Seven machines entered the competition, and Mayhem won. The field of battle was the Cyber Grand Challenge put together by the Pentagon's future projects wing DARPA, a variation on a traditional computer security tournament. Normally, in computer security Capture the Flag, humans work to repair flaws on their own network while exploiting security weaknesses on the competition. For DARPA's latest grand challenge, the humans let the machines do the work on their own.
A section from Network World captures the scene:
Surprisingly, Mayhem managed to win the competition despite being entirely disabled through most of the final rounds 30 rounds. That is not uncommon in Capture the Flag competitions where sometimes the best game strategy is to do nothing while others struggle with problems of their own.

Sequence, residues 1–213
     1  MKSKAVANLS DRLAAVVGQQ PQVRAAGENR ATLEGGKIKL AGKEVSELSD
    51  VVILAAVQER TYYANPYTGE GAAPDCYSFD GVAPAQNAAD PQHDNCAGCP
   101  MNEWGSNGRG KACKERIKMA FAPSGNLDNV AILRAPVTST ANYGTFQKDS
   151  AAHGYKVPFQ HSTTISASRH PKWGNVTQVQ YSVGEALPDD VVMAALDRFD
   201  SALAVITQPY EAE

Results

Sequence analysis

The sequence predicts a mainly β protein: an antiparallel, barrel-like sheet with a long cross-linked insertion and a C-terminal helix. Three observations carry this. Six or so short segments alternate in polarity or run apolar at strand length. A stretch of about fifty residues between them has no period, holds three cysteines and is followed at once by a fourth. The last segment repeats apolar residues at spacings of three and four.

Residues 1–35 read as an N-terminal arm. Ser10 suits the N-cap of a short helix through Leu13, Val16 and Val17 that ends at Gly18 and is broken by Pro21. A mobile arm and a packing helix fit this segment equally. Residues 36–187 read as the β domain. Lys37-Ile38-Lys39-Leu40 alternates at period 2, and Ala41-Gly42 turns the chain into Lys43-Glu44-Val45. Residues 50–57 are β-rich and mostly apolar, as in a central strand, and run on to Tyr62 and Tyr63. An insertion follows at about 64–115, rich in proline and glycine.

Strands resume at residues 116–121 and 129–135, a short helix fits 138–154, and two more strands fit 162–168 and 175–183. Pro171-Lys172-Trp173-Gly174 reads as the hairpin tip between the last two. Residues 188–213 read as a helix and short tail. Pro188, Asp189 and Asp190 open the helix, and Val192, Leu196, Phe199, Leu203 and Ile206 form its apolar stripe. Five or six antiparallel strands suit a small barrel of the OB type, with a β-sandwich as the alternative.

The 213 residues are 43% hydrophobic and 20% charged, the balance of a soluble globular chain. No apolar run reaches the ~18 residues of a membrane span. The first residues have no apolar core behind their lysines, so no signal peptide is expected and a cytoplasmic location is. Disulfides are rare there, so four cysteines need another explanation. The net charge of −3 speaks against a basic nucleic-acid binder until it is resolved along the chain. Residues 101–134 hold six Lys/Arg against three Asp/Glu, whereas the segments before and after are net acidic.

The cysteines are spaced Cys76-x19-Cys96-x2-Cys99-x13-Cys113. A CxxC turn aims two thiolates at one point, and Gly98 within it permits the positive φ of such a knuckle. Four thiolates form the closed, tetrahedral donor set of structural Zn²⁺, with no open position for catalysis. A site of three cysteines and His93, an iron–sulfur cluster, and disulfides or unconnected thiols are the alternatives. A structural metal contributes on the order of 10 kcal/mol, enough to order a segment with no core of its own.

During the competition, an entrant dubbed Rubeus (created by a team from Raytheon) was slowed down after issuing a patch to a flaw found by a competitor. The patch apparently sucked up so much CPU that it affected the performance of other services being run on the server.
Later, Rubeus's logic apparently decided that it was better to remove the patch and remain vulnerable than to do poorly in its availability score.
What did DARPA learn? The goal wasn't just to showcase a network security sport, though DARPA went all out to highlight the sportlike aspects.
“This Cyber Grand Challenge,” DARPA said in a press release, “will mark the culmination of an ambitious three-year effort to develop advanced, autonomous systems that can to detect, evaluate, and patch software vulnerabilities before adversaries have a chance to exploit them.”
If machines can learn to defend themselves from hostile attacks, that's peace of mind for everyone who uses computers, and for everyone whose safety depends in some part on secure computer networks. That's not quite everybody, but it's pretty close.
Here's a video from Team For All Secure, the creators of Mayhem, recorded before the grand challenge. Their success in the Cyber Grand Challenge won the team $2 million.